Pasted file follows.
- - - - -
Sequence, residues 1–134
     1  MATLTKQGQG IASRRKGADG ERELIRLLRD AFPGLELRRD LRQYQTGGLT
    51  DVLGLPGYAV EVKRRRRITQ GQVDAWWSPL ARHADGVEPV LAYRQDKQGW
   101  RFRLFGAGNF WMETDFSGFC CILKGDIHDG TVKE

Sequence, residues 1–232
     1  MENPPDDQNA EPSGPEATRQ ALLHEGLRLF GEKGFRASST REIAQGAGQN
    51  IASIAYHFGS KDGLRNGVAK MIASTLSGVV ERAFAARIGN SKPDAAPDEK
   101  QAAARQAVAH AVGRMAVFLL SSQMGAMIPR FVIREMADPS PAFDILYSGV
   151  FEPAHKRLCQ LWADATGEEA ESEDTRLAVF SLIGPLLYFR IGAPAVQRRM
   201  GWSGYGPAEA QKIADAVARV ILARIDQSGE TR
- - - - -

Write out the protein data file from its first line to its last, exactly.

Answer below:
Sequence, residues 1–134
     1  MATLTKQGQG IASRRKGADG ERELIRLLRD AFPGLELRRD LRQYQTGGLT
    51  DVLGLPGYAV EVKRRRRITQ GQVDAWWSPL ARHADGVEPV LAYRQDKQGW
   101  RFRLFGAGNF WMETDFSGFC CILKGDIHDG TVKE

Sequence, residues 1–232
     1  MENPPDDQNA EPSGPEATRQ ALLHEGLRLF GEKGFRASST REIAQGAGQN
    51  IASIAYHFGS KDGLRNGVAK MIASTLSGVV ERAFAARIGN SKPDAAPDEK
   101  QAAARQAVAH AVGRMAVFLL SSQMGAMIPR FVIREMADPS PAFDILYSGV
   151  FEPAHKRLCQ LWADATGEEA ESEDTRLAVF SLIGPLLYFR IGAPAVQRRM
   201  GWSGYGPAEA QKIADAVARV ILARIDQSGE TR